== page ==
Priced from £27,995 (after government plug-in grant of £2500) Release date On sale now
The Kia Niro is an SUV that was designed from the outset to be exclusively powered by hybrid technology. However, while the first version that went on sale in the UK last year was a conventional petrol-electric hybrid, it's now been joined by this plug-in hybrid (PHEV) model.
Differences? Well, the most obvious one is that the PHEV has a charging cable in the boot. Use it to plug the car in and it will go from empty to fully charged in two hours and 15 minutes. This is enough for up to 38 miles of pure electric driving, according to Kia.
As you'd expect, the battery is larger than the one in the standard Niro, while the 44.5kW electric motor is bigger, too. However, the engine is the same 1.6-litre petrol. So, is the Niro PHEV worth considering?
2017 Kia Niro PHEV on the road
There isn’t a great deal of difference between how this model drives compared with the standard Niro hybrid. Like its stablemate, the PHEV goes about its business in town quietly (barring some road noise) and smoothly shuffles power between the battery and the petrol engine as required.
Put it in EV mode and it will run just off electric power until the system senses it requires assistance from the petrol engine – usually when you put your foot down and the gearbox feels the need to kickdown.
Unfortunately, when you do want to make brisk progress, the general calm evaborates, because the dual-clutch automatic gearbox hangs onto the lower gear for too long, leaving the engine screaming near the redline. This is only an issue when you’re accelerating hard, but it does grate.
There’s not a great deal of enjoyment to be had from driving the Niro PHEV along B-roads; blame heavy steering that offers little feedback and front tyres that quickly run out of grip when pushed. But the firm suspension does keep the car relatively well tied down and ensures body roll is kept in check through corners.
More of a problem is the way the suspension set-up and heavier battery affect the ride. The PHEV is around 150kg heavier than the standard hybrid and, in town, it feels fidgety and generally more crashy than the standard car. It struggles to cope with large imperfections in particular, although things do improve a bit at higher speeds.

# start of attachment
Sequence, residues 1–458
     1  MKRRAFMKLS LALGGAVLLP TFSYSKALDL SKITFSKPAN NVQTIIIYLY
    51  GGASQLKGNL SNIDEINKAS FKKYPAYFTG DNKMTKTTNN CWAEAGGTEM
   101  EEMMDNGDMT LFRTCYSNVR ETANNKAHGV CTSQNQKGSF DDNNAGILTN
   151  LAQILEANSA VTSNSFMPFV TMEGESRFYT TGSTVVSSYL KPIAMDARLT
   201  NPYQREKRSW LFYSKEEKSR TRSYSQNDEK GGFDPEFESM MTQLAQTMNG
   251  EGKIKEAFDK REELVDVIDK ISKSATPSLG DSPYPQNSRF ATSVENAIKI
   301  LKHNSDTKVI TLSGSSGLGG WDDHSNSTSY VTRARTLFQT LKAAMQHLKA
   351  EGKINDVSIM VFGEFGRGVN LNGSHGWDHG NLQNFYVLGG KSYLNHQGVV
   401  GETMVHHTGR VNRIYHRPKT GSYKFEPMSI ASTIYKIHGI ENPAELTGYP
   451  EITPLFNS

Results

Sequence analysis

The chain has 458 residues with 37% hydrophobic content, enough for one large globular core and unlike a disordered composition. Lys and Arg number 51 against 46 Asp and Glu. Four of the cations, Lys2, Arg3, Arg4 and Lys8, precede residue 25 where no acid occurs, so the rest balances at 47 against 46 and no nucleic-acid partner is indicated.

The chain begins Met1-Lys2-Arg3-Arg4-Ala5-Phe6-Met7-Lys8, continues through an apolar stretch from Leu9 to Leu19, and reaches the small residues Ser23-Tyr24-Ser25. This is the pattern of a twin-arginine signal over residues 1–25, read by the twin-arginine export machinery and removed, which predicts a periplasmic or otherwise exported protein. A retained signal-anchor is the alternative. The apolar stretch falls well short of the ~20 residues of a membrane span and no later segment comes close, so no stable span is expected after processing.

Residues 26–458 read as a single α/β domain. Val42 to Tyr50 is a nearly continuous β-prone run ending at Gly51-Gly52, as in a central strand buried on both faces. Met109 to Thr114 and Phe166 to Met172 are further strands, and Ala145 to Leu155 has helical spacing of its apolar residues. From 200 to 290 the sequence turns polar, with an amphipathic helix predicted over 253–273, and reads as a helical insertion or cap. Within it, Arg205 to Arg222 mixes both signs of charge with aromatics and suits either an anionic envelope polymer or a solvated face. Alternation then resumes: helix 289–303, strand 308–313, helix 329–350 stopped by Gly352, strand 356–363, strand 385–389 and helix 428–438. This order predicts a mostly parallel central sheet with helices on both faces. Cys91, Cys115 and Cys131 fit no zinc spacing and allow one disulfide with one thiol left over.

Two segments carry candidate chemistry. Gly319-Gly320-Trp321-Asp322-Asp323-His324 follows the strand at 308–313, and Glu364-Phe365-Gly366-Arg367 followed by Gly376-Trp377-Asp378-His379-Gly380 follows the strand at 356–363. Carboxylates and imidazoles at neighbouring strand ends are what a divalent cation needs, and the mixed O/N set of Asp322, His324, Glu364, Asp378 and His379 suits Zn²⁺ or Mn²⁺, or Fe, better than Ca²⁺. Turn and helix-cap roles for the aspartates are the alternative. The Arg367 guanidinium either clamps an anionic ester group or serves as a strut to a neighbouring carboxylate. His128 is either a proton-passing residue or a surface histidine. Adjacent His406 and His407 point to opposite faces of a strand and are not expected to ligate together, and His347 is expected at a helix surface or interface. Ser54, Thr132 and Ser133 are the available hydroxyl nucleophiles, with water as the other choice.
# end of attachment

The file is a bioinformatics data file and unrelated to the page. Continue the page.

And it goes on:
The PHEV's brake pedal is also quite grabby (typical of hybrids and something that the standard Niro suffers from too), which can become irritating in stop-start traffic because it makes it difficult to drive smoothly.
It’s worth bearing in mind that, as with any PHEV, the headline-grabbing fuel economy figure is only achievable if you do lots of short journeys and recharge the car after each one. And while the official 38-mile electric range sounds impressive, it's more like 25 miles in the real world.
2017 Kia Niro PHEV interior
The PHEV's bigger battery is housed under the rear seats and doesn't impinge on the Niro's generous head and leg room. However, it does reduce boot capacity by about 60 litres.
The boot is shallow, too, and the rear wheel arches encroach on space. It’ll hold a modest amount of family belongings but will struggle to take a full complement of cross-continental holiday paraphernalia.
In the front, there's decent space for two adults and the plastics used on the dashboard feel relatively good quality, but the overall fit and finish in the interior remains inferior to rivals such as the Mini Countryman PHEV.
The PHEV sits as its own trim within the Niro range and is loaded with equipment. Heated seats and automatic lights and wipers are included, while the 8.0in touchscreen infotainment system features Apple CarPlay and Android Auto smartphone mirroring.
Page 1 of 2